Also discussed is the use of plague imagery in German versions of Bram Stoker’s Dracula, Nosferatu, both Director F.W. Murnau 1922 version and Werner Herzog’s 1979 remake.

Whether Bram Stoker may have been influenced by reports of the New England tuberculosis vampires of the 1800s is addressed, and we have a deeper look at how romantic 19th-century ideas about tuberculosis influenced not only his portrayal of vampirism, but the work of other literary artists, painters, and composers. Among the artists mentioned are Lord Byron, Alexander Dumas, Claude Monet, John Keats, and Edgar Allan Poe. We also hear some clips of musical deaths by tuberculosis from the operas La Traviata and La Boheme.

Monet's "Camille Monet on her deathbed"
Monet’s “Camille Monet on her deathbed”

We conclude the show, as we began, with another musical composition played at graveside, and a story of heart removed and preserved in cognac, that of Frédéric Chopin, another victim of “the white plague.”

 

#21 A Deal with the Devil

#21 A Deal with the Devil

The legend of Faust is the archetypal deal with the Devil. This episode looks at the figure as represented in folklore, local legends, plays, puppet shows, literature, films, and opera.

A precedent for the tale seems to be the story of St. Theophilus, a cleric in 6th-century Adana (in modern Turkey) who, as legends have it, summoned the Devil to help elevate him to the status of bishop (and, yes, there is some repentence involved in this one, seeing as how he went down in Church history as a saint).  He is the subject of a 13th-century French play, The Miracle of Theophilus, which happens to be the source of a chant to summon Lucifer written in an unknown language — one, which made its way into Wiccan traditions via Gerald Gardner, and which even ended up in the lyrics of the 1969 album Witchcraft Destroys Minds & Reaps Souls by the band Coven.  The segment starts with a snippet from this cult album.

There does seem to have been an actual magician, astrologer, or alchemist by the name of Faust wandering southern Germany in the late 15th and early 16th century, though very little is known of his life other than passing references in a few letters and some town records noting that individuals by this who were banned for fraudulent or roguish activities.  We look at a few of these historic references.

Legends regarding the figure are more plentiful.  We hear of a number of supposedly dangerous grimoires attributed to Faust said to be kept at sites in Germany and also discuss a number of legendary feats of magic (including conjuring an entire castle along with a sumptuous, if unsatisfying, banquet for castle guests).  We also have a look at a number of towns offering “evidence” that they were the site where the Devil came to claim the doctor, including one town that rents a room in an ancient inn where the grim event was said to have transpired.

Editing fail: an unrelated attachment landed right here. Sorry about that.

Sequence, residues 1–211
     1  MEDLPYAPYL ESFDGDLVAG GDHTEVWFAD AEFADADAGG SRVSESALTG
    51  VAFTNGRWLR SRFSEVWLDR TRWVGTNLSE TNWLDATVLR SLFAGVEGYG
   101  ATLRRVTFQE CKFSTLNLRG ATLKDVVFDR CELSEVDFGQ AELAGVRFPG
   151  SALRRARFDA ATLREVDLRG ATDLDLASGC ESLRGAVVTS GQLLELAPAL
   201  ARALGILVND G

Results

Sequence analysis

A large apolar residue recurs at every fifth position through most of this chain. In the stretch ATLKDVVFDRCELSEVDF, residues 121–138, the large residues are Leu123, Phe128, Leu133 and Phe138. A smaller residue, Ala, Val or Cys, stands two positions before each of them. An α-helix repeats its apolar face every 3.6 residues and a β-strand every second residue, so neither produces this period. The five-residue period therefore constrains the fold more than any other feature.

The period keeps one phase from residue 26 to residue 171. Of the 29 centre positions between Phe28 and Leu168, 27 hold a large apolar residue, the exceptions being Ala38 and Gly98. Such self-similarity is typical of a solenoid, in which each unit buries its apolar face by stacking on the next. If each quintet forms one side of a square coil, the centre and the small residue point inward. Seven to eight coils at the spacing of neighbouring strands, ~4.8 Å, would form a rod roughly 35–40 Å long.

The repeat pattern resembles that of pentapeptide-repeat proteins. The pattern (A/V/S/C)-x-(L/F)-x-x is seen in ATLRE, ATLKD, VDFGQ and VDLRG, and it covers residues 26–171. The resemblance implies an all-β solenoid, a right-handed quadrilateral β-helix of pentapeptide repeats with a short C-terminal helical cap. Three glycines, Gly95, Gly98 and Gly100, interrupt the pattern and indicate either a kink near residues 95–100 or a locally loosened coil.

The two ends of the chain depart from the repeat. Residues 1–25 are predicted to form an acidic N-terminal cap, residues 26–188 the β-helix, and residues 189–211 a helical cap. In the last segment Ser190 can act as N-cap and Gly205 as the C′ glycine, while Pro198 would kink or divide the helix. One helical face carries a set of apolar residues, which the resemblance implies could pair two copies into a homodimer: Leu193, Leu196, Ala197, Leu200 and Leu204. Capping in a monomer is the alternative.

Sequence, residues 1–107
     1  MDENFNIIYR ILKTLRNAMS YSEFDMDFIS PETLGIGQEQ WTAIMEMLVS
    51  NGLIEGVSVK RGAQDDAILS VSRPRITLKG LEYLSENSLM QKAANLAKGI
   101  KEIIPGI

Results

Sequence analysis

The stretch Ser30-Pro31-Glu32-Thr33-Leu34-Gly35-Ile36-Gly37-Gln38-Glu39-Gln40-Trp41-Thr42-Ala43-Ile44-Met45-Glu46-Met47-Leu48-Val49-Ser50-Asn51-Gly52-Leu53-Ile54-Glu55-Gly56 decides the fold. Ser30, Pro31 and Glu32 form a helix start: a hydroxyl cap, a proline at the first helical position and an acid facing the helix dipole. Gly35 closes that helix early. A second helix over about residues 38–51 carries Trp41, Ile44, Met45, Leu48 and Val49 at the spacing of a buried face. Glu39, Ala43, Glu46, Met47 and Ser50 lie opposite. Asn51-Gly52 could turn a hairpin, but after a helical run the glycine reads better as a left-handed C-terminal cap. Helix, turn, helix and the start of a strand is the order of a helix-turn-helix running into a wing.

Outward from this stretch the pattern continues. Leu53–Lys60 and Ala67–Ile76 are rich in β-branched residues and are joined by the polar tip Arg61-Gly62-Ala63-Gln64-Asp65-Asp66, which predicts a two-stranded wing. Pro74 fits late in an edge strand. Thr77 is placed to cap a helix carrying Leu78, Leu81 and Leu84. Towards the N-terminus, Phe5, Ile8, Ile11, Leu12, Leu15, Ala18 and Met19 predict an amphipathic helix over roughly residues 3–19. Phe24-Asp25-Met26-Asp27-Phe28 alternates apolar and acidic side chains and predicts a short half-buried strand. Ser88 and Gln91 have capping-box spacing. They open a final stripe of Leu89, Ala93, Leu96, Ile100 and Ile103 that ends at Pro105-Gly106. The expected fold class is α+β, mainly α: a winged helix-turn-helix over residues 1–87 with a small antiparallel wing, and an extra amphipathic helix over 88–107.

Frontispiece "The remarkable life of Dr. Faustus, a German astrologer and enchanter" (1838)
Frontispiece “The remarkable life of Dr. Faustus, a German astrologer and enchanter” (1838)

The meat of our show is a look at the earliest written narrative on Faust, a chapbook published anonymously in Frankfurt in 1587, The History of Doctor Johann Faustus.  We hear a dramatic, even cinematic, passage describing Faust’s summoning of the Devil in Germany’s Spessart forest (an area rich in folklore and home to the Brother’s Grimm). Also related are Faust’s whirlwind tour of of Hell, a number of comic supernatural pranks he plays, and, of course, the dramatic hour of reckoning and its grisly aftermath.

Richard Burton in his 1967 film, Doctor Faustus
Richard Burton in his 1967 film, Doctor Faustus

We next hear some snippets from one of the legend’s most prominent film treatments, the 1967 Richard Burton-Elizabeth Taylor vehicle Doctor Faustus. Though the subject of numerous negative reviews, the film may appeal to horror fans thanks to its visual styling similar to a Hammer film of the period.  The wonderful 1926 German silent, Faust, by F.W. Murnau (director of Nosferatu) is also mentioned.

Marlowe's Faustus
Marlowe’s Faustus

The script for Richard Burton’s film was the classic of Elizabethan stage,The Tragical History of the Life and Death of Doctor Faustus by Christopher Marlowe.  Though the story presented by Marlowe is rather similar to the chapbook version previously discussed, we hear of a few comic additions made then jump forward a bit in theater history to William Mountfort’s pointedly comic 1697 work, The Life and Death of Dr Faustus, Made into a Farce, with Harlequin and Scaramouche.  Wilkinson shares some monologues from the play spoken by two of the Seven Deadly Sins.  We also have a look at the legend’s treatment in Faust puppet shows popular in Germany and Bohemia, a tradition that proved influential on the 1994 Czech film, Faust, Jan Švankmajer’s must-watch stop-motion/live-action treatment of the story.  We hear bits of the audio from the Švankmajer film as well as a couple more Faust films, the Peter Cooke-Dudley Moore comedy Bedazzled (1967) and the nicely dreadful 2000 horror-superhero film, Faust: Love of the Damned.